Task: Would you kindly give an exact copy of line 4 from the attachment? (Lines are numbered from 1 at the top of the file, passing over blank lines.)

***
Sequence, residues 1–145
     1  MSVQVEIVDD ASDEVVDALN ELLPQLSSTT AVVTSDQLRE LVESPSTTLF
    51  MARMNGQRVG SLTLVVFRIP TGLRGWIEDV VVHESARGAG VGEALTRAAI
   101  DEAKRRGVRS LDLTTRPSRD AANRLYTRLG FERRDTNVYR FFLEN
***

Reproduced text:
   101  DEAKRRGVRS LDLTTRPSRD AANRLYTRLG FERRDTNVYR FFLEN